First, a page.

|Title||Medical Students' Perceived Interests and Concerns for a Career in Neurosurgery.|
|Publication Type||Journal Article|
|Year of Publication||2020|
|Authors||Guadix SW, Younus I, Winston G, Eljalby M, Xia J, Nario JJose, Rothbaum M, Radwanski RE, Greenfield JP, Pannullo SC|
|Date Published||2020 07|
|Keywords||Adult, Career Choice, Female, Humans, Male, Neurosurgery, Students, Medical, United States|
OBJECTIVE: The factors that attract and concern medical students about a career in neurosurgery have never been clearly characterized or delineated in a large nationwide cohort of medical students intending to pursue a career in neurosurgery. The objective of the present study was to characterize the factors that influence medical student interest in neurosurgery and assess the effects of a formal neurosurgery training course on participants' perceptions of a career in neurosurgery.
METHODS: Before the Medical Student Neurosurgery Training Camp for subinternship preparation, registered students were surveyed about their interest level in neurosurgery, factors that attracted or concerned them about a career in neurosurgery, attendance at a national neurosurgery conference or course, formal clinical neurosurgery exposure in medical school, and whether they had a resident or attending mentor in neurosurgery. At the end of the course, all the participants completed the surveyed again. P < 0.05 was considered significant on Pearson's χ and Fisher's exact tests for categorical variables and 2-tailed paired Student's t tests for continuous variables.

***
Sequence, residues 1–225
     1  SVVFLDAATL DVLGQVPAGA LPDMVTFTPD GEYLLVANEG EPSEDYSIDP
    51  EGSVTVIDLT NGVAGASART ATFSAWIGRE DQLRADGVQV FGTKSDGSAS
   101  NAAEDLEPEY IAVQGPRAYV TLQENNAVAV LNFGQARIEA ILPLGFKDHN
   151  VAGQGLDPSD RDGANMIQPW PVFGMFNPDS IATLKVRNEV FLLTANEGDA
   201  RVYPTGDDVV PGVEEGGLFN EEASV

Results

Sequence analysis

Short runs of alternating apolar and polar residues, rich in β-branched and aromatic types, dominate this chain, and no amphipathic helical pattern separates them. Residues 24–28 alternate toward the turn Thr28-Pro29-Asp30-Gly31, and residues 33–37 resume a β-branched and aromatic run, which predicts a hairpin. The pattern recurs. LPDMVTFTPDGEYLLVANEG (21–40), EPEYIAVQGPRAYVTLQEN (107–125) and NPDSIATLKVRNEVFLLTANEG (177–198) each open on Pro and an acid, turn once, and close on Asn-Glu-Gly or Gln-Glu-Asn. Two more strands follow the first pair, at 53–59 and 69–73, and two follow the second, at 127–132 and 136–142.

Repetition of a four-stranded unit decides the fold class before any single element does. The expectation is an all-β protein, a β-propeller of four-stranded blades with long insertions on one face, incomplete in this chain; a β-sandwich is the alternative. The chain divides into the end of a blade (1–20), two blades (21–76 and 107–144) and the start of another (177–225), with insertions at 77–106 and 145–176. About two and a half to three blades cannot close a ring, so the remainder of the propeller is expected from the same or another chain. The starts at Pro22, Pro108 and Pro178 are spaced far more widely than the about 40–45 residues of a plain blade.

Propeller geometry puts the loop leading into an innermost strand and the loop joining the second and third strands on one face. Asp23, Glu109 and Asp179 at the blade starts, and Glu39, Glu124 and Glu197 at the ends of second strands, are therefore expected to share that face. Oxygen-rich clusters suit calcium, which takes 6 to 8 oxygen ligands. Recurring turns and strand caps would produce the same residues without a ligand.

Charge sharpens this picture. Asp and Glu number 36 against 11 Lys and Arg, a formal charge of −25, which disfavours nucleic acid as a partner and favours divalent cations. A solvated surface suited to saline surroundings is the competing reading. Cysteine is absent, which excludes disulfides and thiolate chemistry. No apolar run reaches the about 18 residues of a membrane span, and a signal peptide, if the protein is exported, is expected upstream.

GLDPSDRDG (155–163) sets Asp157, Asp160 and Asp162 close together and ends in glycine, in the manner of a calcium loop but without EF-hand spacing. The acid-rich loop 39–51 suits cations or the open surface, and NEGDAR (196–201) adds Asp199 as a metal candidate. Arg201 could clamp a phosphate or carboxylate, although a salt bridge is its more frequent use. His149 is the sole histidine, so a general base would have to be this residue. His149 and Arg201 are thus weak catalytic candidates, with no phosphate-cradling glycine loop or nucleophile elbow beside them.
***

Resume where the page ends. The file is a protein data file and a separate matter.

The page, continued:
RESULTS: Of the training camp attendees, >95% completed both pre- and postcourse surveys, including 41 first-year, 19 second-year, 30 third-year, and 5 fourth-year medical school students. The most common factors that concerned students about a career in neurosurgery were work-life balance (76%) and competitiveness (56%). All factors of concern were decreased in the postcourse survey, except for competitiveness. A small cohort (8.4%) of students had no concerns about a career in neurosurgery; this cohort had doubled to 17% after the course (P < 0.05). The students that indicated no concern had a greater postcourse interest level in neurosurgery (95.8 ± 8.7 vs. 86.7 ± 20.5; P < 0.05). Student reasons for an interest in neurosurgery included intellectually stimulating work (94%), interest in neurosciences (93%), effect on patients (84%), innovation and new technology (80%), research opportunities (77%), and prestige (24%). All reasons increased after the course, with the exception of prestige, which decreased to 22%.
CONCLUSION: A training camp for students pursuing a neurosurgery subinternship was effective in providing transparency and positively influencing the factors that attract and concern students about a career in neurosurgery. Characterization of medical student perceptions of neurosurgery from a large, nationwide cohort of students pursuing a subinternship has provided novel data and could help identify factors protecting against burnout later in life.
|Alternate Journal||World Neurosurg|